During the writing retreat I led at Windhorse Farm in Nova Scotia last May, I guided participants to write a memoir essay, adding and shaping each day as we discussed aspects of good writing. This is Violet’s.
By Violet Moran
“You’re going camping with me this weekend,” asserted my good friend Alice, surprising me because neither of us were campers. Discussion revealed that Alice had planned to go camping with Bob, her husband who three years ago had packed up his belongings while she was at a conference and surprised her with his announcement that he wanted a divorce. I knew that Alice would take him back if there ever was a chance. Now she thought there was a chance
She had paid for a campsite on the sand dunes of Lake Michigan for them to spend a weekend together. And Bob at the last minute canceled out. It was a strange plan to get him back since neither of them had ever been campers. I couldn’t picture them having a romantic weekend camping considering their age, excess weight and poor health. But that had been Alice’s plan and she was darned if she was going to have paid for a campsite and not make use of it. I suppose this same frugality prevented her from reserving a room at a romantic hotel with a better chance of getting Bob back.
Alice was a bit of a character who could make unexpected statements, such as telling people the reason she asked to transfer back onto the road surveying health care institutions was because it was too difficult to have an affair with the Culligan Man if she had to stay at home in Madison. Alice came up with quirky ideas such as asking friends to help with the wedding dinner she had already promised an impoverished woman in her church. Or preparing a party for the private owners of herin-lawsCemetery Association. When we arrived to help we might find that Alice had not shopped or prepped in advance. I know if I did the same thing my friends would be angry; but when it involved Alice such things just became humorous stories that only made Alice more endearing.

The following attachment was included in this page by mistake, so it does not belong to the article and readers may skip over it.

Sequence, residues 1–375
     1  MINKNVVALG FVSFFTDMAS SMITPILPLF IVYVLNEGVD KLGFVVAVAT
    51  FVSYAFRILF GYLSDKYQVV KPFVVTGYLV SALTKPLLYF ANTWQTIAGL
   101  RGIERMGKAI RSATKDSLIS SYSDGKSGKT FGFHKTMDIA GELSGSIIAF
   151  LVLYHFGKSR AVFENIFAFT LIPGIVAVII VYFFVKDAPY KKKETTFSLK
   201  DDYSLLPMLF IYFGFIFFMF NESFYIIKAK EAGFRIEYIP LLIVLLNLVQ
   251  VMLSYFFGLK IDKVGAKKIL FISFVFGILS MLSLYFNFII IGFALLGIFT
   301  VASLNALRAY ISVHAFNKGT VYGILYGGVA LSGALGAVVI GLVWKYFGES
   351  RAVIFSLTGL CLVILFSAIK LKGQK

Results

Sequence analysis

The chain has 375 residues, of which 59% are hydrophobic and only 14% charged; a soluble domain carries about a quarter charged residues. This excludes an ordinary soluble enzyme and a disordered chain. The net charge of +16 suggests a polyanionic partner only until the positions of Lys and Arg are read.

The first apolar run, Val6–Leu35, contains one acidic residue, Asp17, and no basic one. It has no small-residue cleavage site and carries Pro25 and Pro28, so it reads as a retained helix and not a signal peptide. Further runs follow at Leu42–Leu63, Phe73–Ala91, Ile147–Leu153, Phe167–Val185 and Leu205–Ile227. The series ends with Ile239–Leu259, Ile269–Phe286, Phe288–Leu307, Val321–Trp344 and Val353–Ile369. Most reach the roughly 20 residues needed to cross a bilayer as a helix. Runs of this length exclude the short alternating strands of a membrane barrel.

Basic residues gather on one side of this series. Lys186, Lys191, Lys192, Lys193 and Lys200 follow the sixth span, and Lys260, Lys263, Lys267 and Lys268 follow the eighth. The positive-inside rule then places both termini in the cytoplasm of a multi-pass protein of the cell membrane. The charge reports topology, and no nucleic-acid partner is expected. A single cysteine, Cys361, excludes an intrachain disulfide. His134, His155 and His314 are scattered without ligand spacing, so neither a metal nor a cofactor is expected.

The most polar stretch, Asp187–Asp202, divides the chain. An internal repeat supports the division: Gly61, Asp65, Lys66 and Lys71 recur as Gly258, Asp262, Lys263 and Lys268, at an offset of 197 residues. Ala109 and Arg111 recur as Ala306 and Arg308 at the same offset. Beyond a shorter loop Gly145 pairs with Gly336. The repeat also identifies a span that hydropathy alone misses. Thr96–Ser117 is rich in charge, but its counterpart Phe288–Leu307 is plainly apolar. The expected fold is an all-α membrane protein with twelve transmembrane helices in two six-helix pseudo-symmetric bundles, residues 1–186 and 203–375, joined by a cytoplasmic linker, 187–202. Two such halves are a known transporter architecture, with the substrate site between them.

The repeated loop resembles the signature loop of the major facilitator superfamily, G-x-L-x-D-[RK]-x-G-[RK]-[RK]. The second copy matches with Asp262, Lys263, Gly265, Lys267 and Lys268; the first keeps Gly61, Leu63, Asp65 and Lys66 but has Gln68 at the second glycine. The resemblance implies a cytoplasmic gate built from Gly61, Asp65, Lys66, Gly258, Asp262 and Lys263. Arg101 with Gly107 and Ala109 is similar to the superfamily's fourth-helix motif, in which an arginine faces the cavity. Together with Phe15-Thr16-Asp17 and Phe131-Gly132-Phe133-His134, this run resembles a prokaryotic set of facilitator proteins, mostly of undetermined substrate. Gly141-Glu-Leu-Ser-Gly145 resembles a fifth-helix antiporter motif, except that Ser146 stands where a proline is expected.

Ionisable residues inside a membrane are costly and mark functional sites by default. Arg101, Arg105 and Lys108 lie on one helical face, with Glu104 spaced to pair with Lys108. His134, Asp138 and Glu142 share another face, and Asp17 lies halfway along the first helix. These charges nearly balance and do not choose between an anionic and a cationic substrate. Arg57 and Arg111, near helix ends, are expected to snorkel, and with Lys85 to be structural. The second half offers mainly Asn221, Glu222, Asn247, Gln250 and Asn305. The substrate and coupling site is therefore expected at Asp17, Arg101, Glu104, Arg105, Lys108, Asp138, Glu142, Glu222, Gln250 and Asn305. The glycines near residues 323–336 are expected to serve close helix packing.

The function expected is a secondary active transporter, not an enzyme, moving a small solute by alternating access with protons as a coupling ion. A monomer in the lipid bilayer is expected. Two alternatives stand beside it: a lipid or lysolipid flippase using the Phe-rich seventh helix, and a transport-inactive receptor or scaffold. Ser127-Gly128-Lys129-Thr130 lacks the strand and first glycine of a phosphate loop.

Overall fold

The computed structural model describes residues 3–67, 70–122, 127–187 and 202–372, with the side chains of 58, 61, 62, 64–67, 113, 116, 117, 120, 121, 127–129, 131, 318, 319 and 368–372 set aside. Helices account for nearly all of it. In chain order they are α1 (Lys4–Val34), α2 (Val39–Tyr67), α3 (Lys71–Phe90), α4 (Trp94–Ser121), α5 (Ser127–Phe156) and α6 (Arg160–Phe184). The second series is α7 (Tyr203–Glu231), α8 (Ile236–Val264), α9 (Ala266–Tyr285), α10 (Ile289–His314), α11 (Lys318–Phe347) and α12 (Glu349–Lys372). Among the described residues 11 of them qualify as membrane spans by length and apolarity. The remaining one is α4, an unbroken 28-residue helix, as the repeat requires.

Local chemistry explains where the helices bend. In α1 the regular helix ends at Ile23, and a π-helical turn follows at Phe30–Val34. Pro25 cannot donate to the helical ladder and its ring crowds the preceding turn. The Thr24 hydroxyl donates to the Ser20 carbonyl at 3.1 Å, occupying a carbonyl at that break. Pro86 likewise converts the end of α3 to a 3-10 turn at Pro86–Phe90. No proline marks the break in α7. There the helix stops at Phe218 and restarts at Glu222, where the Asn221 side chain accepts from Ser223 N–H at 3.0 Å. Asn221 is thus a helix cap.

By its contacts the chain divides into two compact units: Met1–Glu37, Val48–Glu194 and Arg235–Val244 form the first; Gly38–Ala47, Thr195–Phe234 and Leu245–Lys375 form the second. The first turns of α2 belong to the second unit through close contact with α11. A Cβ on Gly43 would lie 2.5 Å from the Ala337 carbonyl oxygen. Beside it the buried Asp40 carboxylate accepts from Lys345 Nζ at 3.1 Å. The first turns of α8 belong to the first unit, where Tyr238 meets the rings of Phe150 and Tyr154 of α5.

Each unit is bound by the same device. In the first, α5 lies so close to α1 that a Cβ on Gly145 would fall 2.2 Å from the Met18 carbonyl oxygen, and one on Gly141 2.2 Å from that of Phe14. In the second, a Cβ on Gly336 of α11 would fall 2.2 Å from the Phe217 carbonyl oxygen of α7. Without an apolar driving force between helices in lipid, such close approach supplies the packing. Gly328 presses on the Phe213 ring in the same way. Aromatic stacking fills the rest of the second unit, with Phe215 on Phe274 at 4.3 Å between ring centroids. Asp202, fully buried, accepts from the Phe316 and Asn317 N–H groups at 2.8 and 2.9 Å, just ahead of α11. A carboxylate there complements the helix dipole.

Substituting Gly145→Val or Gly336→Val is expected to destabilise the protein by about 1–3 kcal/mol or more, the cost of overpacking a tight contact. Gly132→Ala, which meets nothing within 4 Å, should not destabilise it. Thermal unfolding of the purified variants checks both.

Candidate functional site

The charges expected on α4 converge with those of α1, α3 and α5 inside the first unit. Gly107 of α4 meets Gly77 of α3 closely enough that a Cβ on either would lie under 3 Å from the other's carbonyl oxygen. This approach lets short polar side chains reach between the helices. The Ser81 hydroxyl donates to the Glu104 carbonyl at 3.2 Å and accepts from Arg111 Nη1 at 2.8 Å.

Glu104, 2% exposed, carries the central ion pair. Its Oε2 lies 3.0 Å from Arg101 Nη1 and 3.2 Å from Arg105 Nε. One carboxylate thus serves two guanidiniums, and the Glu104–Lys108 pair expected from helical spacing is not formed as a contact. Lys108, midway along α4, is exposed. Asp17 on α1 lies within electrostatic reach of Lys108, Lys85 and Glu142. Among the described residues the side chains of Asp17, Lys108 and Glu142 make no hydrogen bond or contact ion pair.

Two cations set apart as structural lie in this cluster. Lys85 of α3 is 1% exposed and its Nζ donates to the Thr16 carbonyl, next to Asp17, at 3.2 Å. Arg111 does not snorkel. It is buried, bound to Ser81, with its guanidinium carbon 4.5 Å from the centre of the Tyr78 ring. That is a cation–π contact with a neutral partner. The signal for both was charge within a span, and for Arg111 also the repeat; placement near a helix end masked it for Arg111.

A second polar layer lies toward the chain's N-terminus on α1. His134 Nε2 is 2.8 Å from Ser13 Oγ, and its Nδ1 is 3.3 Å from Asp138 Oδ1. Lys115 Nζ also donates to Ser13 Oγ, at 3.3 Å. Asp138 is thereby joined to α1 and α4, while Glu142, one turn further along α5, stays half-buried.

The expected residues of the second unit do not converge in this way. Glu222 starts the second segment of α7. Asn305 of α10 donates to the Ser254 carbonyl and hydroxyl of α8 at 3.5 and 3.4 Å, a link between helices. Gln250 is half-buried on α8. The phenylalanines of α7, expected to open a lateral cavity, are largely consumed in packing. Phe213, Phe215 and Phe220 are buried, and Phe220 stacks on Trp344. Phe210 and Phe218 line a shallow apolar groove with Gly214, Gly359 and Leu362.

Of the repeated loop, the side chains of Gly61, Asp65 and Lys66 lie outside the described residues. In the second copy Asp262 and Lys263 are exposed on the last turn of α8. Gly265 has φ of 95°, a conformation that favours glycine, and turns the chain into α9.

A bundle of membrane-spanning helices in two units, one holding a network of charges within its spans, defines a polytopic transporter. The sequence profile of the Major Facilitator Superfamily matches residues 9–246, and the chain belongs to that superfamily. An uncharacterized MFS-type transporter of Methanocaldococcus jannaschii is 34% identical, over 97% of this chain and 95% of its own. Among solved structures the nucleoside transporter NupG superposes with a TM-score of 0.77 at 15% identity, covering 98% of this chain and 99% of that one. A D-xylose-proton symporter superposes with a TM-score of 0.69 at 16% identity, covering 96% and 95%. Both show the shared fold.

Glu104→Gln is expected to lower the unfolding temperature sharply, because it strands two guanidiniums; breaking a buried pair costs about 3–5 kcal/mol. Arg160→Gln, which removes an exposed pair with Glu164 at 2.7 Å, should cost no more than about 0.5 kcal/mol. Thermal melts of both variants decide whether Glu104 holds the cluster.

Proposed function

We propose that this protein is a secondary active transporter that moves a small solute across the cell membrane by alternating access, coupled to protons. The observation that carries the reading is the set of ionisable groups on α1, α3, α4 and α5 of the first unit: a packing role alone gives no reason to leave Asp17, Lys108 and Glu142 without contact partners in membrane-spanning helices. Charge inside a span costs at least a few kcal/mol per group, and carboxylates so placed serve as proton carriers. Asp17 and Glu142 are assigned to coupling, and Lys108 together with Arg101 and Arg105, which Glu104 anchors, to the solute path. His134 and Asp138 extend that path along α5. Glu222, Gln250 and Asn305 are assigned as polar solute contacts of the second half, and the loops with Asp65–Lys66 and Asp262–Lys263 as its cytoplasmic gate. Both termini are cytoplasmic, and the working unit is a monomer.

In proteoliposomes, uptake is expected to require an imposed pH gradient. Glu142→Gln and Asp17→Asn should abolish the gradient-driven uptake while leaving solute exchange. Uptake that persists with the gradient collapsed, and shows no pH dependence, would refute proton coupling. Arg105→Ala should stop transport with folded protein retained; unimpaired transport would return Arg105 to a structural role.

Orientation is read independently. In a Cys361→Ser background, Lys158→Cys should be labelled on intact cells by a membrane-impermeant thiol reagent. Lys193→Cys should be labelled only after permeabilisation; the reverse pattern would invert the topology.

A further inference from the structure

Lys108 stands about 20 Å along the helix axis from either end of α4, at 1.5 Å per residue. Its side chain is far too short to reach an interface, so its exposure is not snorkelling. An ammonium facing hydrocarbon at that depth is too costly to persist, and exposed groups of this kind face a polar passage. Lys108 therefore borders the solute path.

Alice and I were both nurses who had previously worked together and remained close friends. She became a state surveyor of hospitals and nursing homes while I started my own consulting business. I had recently left my husband so I was happy to sometimes join her at a nice B&B where she was staying while investigating health-care complaints. Time spent with Alice was always an enjoyable change of pace. I could do my work at the B&B while she was surveying a facility or investigating a physician.
Alice’s appearance differed from the way I thought a high-level state surveyor ought to look. She dressed to be comfortable — in loose-fitting, well-worn slacks and top, along with heavy woolen socks showing through her Birkenstocks. Alice was overweight with a kindly round face framed by short, wavy grey hair. She was quick to smile and laugh. She dressed for personal comfort, and also because she wouldn’t spend the money necessary to buy professional attire. She consciously made use of her persona. She told me, “When I go in to do a survey, everyone looks at me as the dumpy, not-too-smart, good old Grandma who lives next door.” As expected, staff were not frightened of her and would approach her to reveal secrets of the facility. She delighted in the fact that administrators were usually astonished to hear at the exit report all the problems that she had uncovered. I enjoyed hearing her stories.